CCAA Hall of Famer Kei Kamara joins the CCAA Speaker Series lineup to explain how he’s leveraged his professional athlete status to give back to his homeland. Originally slated for mid-March, Kamara will join the group next Wednesday, April at 21 p.m.
Kamara’s story of life, sport and service to the global community is sure to resonate will all who attend, and his dedication to helping others exemplifies the conference’s value statement of community to the fullest.
“Kei has an amazing and inspiring story to tell that I know will appeal to student-athletes, coaches and staff,” noted CCAA commissioner Mitch Cox.
2004 CCAA Player of the Year Kei Kamara’s story of resilience begins in war-torn Sierra Leone, West Africa. Kamara spent his childhood days like most African youngsters – playing soccer. By 1990, his mother left for the US and the country he so loved was in the middle of a bloody civil war. Fearing for their lives, Kamara and his family fled their home, eventually seeking refuge with his mom in 2000 in LA. After high school, Kamara starred at Cal State Dominguez Hills and after three years as a Toro, was drafted 9th overall by the Columbus Crew.
Now entering his 16th season in MLS, the striker has since become one of the league’s all-time leading scorers, where he ranks fifth. Kamara leverages his successes on the field to give back to his homeland, and in 2012 founded the HeartShapedHands Foundation to do just that.
HeartShapedHands provides scholarships to schools and students in Sierra Leone, giving many students an education they otherwise might not have. Named after his signature goal celebration, the Foundation has allowed Kamara to follow his heart and use his hands to give back.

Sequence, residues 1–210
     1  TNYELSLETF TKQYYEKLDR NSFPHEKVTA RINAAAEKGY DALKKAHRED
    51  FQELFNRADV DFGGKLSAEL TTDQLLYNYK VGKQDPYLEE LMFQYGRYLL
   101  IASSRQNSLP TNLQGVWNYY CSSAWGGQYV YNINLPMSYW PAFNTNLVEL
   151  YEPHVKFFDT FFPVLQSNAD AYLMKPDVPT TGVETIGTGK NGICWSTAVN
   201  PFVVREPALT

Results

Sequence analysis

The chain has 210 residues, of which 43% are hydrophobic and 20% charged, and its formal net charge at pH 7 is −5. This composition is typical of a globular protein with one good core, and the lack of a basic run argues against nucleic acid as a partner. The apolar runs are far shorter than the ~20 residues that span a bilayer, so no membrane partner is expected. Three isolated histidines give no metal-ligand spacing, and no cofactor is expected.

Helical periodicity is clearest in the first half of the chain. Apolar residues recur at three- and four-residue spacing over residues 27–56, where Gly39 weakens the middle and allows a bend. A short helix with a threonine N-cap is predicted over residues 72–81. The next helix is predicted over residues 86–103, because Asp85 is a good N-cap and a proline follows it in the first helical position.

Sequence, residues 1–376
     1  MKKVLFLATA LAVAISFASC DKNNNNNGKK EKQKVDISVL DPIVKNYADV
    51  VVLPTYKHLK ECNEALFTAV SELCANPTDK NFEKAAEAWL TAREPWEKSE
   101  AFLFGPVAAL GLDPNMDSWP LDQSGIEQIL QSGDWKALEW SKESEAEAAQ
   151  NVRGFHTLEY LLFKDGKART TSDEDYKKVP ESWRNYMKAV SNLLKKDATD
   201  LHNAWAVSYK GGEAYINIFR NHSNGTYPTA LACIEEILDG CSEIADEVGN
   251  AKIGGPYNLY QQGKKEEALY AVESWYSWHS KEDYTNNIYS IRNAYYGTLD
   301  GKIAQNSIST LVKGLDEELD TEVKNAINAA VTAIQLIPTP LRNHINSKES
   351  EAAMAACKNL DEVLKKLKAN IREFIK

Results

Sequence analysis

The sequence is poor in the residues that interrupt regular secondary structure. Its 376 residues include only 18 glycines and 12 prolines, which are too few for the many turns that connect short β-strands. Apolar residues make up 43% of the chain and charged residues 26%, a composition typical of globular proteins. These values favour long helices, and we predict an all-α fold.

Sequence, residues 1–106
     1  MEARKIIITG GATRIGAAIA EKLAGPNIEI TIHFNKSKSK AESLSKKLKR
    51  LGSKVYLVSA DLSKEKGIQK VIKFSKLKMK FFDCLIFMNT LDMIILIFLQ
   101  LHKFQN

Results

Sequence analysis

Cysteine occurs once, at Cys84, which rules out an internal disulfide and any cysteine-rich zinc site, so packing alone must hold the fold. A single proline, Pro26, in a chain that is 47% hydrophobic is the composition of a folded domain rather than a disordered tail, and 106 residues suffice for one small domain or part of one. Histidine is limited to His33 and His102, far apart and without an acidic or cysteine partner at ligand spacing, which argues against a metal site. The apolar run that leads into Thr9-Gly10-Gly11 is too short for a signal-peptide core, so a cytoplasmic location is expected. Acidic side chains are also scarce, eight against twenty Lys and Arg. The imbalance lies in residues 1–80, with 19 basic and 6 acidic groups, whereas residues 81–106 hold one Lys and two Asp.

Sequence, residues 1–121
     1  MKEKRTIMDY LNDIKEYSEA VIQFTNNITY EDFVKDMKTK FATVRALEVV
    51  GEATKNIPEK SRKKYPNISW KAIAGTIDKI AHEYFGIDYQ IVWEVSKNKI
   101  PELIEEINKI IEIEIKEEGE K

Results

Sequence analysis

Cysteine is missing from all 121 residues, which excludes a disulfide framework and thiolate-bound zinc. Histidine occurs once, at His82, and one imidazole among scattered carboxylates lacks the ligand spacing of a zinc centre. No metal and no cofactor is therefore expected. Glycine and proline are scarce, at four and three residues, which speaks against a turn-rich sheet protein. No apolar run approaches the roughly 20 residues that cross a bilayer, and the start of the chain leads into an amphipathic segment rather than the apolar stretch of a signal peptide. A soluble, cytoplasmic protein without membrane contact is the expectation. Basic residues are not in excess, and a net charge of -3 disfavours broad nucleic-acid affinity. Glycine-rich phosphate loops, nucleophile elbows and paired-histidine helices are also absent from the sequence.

Kamara is expected to address not only his life on the pitch, but how he came to form his Foundation and the importance of giving back. The 2015 MLS WORKS Humanitarian of the Year will also discuss various ways people can find their passion to be humanitarians in their own lives.
The Speaker Series has now hosted sessions on identity and leadership and mental health, and job and career search tactics. Other confirmed interactive experiences with experts in the fields of stand-up comedy and women in business in athletics on the schedule for the spring semester. Also, today at 4 p.m., a presentation on trans athletes in the era of disinformation will be offered, and registration is still available here.
All presenters were chosen to bring thoughtful discussion and dialogue to all those who participate in the series in the coming months. Along with live presentations, the series will also be available for replay on the CCAA’s youtube channel. We appreciate the support of our conference sponsors Samsung, Balfour, Hometown Ticketing, Candid Worldwide and Gearboss as we provide valuable programming to our 12 member-institutions.
The California Collegiate Athletic Association has been the nation’s most successful Division II intercollegiate athletic conference since its establishment in December 1938.
The 12-member league is home to some of the nation’s finest NCAA Division II athletic programs in Cal State Dominguez Hills, Cal State East Bay, Cal State LA, Cal State Monterey Bay, Cal State San Bernardino, Cal State San Marcos, Cal Poly Pomona, Chico State, Humboldt State, San Francisco State, Sonoma State, and Stanislaus State
CCAA members have won 154 NCAA Championships (102 men, 52 women) all time, far and away the most of any Division II conference. Since 2000, CCAA institutions have earned 22 national championships in 10 sports. During that span, eight members have earned at least one title highlighted by back-to-back championships for UC San Diego women’s soccer (2000, ’01) and Cal Poly Pomona women’s basketball (2001, ’02). In 2011, the Cal State Monterey Bay men’s golf team finished at the top of the national leaderboard while UC San Diego softball also clamed the NCAA crown, marking a memorable May. Most recently, Cal State San Bernardino volleyball ran the table to an undefeated season and hoisted the hardware in 2019.
This article was originally appeared on CCAA and is published here for educational purpose